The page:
A prehistoric crocodile is genetically resurrected (using the Jurassic Park treatment, one assumes, though one is never told), supposedly because its growth hormone will solve world hunger (more or less the scenario that led to giant grasshoppers in Beginning of the End, and that was 1957). Anyway, the titular dinocroc gets loose from the sinister corporation’s lab, and starts gobbling up the nearby population. It’s up to Aussic crocodile hunter Costas Mandylor (Your Guide To Quality …ilm) along with the local animal control officer and her welder/artist boyfriend to stop the beast.
It’s all pretty silly, and it’s all pretty familiar. Correction: extremely familiar. There’s nary a shot you haven’t seen many times before. The monster, though, looks better than in many los-budget creature features, and he does chow down righteously on an annoying cute kid, so things could be much worse.
While you’re marking time between dinocroc attacks, there’s plenty to enjoy in the audio track. It’s very atmospheric, with a fully realized and immersive environment. Birds twitter and insects call from all sides, and when the characters are in a moving vehicle, be it truck or boat, we are in it too, surrounded by engine noise. The music sounds just fine, and there is no distortion on the dialogue. Pretty nice, then, even if it is only 2.0.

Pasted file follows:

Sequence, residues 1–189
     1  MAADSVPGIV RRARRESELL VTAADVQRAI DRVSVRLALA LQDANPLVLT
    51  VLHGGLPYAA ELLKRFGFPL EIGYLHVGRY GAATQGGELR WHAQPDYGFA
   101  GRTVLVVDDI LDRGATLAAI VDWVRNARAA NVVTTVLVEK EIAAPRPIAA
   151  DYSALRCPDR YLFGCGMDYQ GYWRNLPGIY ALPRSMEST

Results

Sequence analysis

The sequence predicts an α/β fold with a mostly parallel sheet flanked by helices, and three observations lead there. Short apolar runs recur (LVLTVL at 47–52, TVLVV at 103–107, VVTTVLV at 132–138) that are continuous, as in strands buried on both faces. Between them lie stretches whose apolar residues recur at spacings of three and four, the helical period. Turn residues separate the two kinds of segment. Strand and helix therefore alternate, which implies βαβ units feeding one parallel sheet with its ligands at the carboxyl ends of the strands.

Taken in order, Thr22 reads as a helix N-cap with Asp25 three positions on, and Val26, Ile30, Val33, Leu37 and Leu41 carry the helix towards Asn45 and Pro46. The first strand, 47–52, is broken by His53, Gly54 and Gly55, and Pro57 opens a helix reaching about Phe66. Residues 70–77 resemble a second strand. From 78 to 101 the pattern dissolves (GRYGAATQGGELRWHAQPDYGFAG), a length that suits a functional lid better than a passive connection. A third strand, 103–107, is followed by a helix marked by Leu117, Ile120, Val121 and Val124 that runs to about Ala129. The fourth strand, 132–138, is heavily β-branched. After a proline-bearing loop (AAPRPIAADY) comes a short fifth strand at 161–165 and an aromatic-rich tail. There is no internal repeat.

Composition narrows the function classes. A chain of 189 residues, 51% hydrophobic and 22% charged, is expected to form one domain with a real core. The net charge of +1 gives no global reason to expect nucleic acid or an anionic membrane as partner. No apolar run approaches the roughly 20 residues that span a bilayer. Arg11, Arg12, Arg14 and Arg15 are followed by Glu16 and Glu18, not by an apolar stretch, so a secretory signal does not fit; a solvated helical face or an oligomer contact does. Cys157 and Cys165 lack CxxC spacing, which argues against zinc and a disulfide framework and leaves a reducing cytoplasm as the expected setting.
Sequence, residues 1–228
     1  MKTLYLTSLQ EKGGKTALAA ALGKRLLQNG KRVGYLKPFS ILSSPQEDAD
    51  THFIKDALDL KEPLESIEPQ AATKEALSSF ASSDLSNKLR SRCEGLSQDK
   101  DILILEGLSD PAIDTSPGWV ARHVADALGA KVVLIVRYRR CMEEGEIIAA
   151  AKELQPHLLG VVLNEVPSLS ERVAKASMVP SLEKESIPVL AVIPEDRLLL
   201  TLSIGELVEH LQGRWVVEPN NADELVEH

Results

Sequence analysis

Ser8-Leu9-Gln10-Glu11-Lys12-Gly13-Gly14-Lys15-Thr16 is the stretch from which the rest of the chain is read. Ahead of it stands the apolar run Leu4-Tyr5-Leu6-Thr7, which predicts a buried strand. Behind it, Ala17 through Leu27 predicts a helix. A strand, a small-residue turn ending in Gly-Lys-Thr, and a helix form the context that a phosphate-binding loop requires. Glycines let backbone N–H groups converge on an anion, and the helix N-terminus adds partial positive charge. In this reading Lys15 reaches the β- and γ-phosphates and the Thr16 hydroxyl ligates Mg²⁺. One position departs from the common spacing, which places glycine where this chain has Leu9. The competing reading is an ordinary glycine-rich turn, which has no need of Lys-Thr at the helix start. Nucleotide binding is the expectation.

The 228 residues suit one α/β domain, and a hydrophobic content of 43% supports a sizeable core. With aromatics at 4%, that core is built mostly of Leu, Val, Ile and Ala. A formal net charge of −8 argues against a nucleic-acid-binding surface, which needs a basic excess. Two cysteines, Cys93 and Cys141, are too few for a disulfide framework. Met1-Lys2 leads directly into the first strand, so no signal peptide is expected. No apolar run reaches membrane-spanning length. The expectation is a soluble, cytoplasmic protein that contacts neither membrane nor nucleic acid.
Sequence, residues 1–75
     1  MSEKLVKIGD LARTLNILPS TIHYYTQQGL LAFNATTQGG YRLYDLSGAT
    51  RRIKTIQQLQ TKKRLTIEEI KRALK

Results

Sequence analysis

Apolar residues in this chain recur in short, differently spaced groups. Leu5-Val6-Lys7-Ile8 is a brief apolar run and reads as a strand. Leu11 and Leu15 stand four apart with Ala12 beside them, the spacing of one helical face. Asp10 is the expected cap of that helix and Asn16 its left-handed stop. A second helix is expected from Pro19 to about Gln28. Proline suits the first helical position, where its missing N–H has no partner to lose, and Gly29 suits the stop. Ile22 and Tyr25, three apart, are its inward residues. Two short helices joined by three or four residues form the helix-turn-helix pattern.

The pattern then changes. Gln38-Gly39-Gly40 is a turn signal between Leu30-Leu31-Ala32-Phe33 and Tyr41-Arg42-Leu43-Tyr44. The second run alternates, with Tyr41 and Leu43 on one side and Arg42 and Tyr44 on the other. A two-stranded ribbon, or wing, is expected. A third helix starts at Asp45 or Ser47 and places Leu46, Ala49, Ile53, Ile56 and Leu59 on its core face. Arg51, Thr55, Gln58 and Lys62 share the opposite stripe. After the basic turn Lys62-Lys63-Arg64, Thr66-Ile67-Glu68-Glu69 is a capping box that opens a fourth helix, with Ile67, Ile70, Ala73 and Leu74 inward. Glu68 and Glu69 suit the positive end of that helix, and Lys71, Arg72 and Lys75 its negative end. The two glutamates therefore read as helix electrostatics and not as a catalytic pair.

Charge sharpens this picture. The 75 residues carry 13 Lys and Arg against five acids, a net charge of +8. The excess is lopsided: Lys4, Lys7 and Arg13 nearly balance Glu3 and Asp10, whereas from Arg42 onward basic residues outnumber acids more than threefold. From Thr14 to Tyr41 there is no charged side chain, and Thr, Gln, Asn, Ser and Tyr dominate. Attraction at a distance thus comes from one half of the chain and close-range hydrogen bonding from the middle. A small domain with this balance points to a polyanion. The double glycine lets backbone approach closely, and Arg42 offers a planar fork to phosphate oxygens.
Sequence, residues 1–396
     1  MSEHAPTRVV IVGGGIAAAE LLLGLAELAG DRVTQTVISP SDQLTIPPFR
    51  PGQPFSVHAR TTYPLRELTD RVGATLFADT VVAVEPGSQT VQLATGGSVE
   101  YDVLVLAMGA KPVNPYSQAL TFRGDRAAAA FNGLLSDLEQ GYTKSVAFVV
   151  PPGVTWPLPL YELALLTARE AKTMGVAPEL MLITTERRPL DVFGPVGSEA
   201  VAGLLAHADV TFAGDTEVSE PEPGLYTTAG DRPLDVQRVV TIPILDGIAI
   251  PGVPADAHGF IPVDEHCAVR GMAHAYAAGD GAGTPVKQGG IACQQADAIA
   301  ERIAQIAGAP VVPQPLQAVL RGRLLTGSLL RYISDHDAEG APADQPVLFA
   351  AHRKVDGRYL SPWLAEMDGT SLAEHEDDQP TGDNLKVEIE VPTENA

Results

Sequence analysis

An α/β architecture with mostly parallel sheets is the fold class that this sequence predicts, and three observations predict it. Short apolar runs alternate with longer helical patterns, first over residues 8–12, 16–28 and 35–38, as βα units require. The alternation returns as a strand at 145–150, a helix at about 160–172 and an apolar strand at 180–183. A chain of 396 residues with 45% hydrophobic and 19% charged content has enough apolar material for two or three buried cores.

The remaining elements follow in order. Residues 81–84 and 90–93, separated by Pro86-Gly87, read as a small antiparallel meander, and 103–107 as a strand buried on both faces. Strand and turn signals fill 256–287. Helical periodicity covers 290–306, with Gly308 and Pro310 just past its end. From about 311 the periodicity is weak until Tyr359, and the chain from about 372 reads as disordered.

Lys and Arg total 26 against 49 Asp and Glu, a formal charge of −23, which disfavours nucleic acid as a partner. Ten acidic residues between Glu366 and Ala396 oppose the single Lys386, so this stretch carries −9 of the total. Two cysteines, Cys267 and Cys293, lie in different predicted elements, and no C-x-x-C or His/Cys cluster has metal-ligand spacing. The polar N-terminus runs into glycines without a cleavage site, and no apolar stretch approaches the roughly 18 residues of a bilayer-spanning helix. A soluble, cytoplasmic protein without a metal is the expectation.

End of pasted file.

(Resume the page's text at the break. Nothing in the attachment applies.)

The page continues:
I like the colours – very vibrant, with excellent contrasts. The flesh tones and blacks are just fine, too, and the image is very pleasingly sharp. There is no visible edge enhancement, and the aspect ratio is a nice 1.78:1 anamorphic widescreen. There are a couple of flaws, however: the print has the occasional bit of speckling going on, and grain is an issue. It isn’t severe, but is still surprisingly noticeable for a recent film, however low-budget it may be.
None. The menu’s main screen and set-up page are scored.
Been there. Done that. Many times before. On the other hand, it’s dinocroc!